ZEPHANIAH 2:3,3:12-13 | 1 CORINTHIANS 1:26-31 | MATTHEW 5:1-12
The most famous passage in the New Testament, the Beatitudes, sometimes called the Sermon on the Mount, is the focus of our reflection today. These nine one sentence statements act as an introduction to the teachings of Jesus. They begin with chapter 5 and continue through chapters 6 and 7. By setting Jesus’ teaching on a hilltop Matthew is clearly referencing the giving of the Law, the commandments, to Moses on Mount Sinai. These three chapters comprise the new law, the new commandments. Let’s compare them briefly.
The account of Moses giving the Law is in the book of Exodus, chapters 20 thru 31. Here’s the progression. Moses went up the mountain, was given the Law, and then returned to present to the people the commandments God had given to them. After the presentation of the 10 Commandments, a long series of applications followed: laws about the construction of altars, laws regarding the treatment of slaves, laws concerning violent acts, the responsibility of land owners, about repayment, moral and religious laws, liturgical laws etc.
In the Gospel of Matthew, the giving of the New Law begins with the presentation of the 9 Beatitudes. They aren’t laws. They don’t begin with “thou shalt, and thou shalt not” statements as in the old law. Rather, they’re a celebration of a new way of living. “How happy are the poor in spirit!” “How happy are the those who are humble!” Continuing, Jesus tells us to be the salt of the earth and light for the world. He teaches how to deal with our anger, with divorce, with revenge. He teaches about the necessity of loving our enemies. He teaches the Lord’s Prayer and a new way to pray; he teaches us to ask so that we can receive, to seek so we can find and to knock so
that the door to heaven can be opened for us. He tells us about the narrow gate that leads to God.
I’m making this comparison of the old law to the new law for several reasons. We need to be aware that Jesus’ teaching represents an evolution. The old law wasn’t only a spiritual document, it was secular, too. It formed the basis of a constitution for Israel. It made Israel a nation based on the rule of law. In Jesus’ time, Roman law was the law of the land. Jewish law applied only to Jews; it was only religious law. The Roman republic had engulfed Israel as a nation; Roman law was now the law of the land.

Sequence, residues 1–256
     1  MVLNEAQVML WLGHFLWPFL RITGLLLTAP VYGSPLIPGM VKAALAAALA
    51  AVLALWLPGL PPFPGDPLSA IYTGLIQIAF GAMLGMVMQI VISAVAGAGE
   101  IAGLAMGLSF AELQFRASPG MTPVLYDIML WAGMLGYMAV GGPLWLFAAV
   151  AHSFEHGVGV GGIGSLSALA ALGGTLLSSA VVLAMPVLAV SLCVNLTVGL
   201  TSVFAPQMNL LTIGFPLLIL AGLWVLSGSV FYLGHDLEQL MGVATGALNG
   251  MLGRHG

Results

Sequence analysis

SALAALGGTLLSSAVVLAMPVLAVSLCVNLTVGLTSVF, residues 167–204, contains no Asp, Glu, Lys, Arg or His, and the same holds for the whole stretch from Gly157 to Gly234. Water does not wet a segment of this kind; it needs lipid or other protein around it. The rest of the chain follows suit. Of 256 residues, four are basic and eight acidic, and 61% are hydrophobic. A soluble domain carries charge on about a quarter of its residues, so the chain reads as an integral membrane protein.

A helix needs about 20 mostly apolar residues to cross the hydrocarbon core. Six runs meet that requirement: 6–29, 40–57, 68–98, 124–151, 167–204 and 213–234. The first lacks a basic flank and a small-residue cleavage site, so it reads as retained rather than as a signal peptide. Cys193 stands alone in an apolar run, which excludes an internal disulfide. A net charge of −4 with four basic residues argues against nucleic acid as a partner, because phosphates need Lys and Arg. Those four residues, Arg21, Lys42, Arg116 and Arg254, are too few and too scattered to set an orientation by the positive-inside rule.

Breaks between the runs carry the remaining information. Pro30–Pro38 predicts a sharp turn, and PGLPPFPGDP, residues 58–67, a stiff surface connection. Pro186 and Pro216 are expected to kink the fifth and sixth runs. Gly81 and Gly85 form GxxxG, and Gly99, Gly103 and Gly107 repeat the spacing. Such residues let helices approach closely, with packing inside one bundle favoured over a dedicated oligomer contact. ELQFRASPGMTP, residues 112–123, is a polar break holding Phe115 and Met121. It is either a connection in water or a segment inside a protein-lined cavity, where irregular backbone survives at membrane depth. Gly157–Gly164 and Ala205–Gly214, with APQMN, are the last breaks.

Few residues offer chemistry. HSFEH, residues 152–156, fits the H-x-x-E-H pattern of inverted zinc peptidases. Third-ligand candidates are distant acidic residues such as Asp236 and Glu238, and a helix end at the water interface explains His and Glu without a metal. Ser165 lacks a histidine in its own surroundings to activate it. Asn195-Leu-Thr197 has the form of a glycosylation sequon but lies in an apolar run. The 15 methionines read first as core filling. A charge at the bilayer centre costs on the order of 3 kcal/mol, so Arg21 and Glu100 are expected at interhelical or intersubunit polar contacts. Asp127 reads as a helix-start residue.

The new law that Jesus preached reigned in the kingdom of the heart. In fact, if embraced, it could enrich any national constitution or body of laws. It could give law a soul.
I think we Christians have forgotten Jesus’ teaching. We look to the law of the land as the final word; but law needs to evolve. In the United States, for instance, slaves were legally two-thirds of a person under the law until 1886. In Canada, women only came under the definition of a legal person in 1929.
The sermon that Jesus preached that day on a hillside in Galilee put the spotlight on the heart. There would be no voting yea or nay on these laws because they’re personal goals. Each of us must make them part of our lives one evolutionary step at a time. These laws will change us. As we change, so will the laws of the land. There’ll be more soul to the laws, more justice, less political polarization and more unity.
Read the teachings of Jesus often. Spend time contemplating them. Make sure they’re the basis of your prayer. Feed your soul with them. “Rejoice and be glad, for your reward will be great in heaven.”
ISAIAH 8:23, 9-3 | 1 CORINTHIANS 1:10-13, 17 | MATTHEW 4:12-23
The time had come. John the Baptist, the voice preparing the way for the Messiah, had been arrested. He had publicly denounced Herod for divorcing his wife and marrying his brother’s wife. It would not be long before Herod’s new wife would succeed in having John beheaded. His precursor’s voice silenced, it was time for the Messiah to step out and begin his work.
Jesus left his hometown, Nazareth, and moved to Galilee. Jesus knew what he was doing. Galilee was a densely populated area, and the most fertile area of Palestine. In addition, one of the great trade roads of the Middle East passed through Galilee connecting Syria to Egypt and Africa.
Galilee had a mixed population. Many of the original inhabitants, the Canaanites, still inhabited the area. Many Assyrians remained after they invaded in the 8th century BC. This rich mixture of Gentiles, Jews and foreign visitors passing through on the trade roots, gave Galilee a cosmopolitan flair. Galilee was the one area of Palestine that was in touch with non-Jewish influences and ideas. Galilee was the perfect place for Jesus to begin his preaching. His message was simple; he called for personal repentance, a change in the direction of one’s life. He announced the dawn of a new world, the kingdom of God.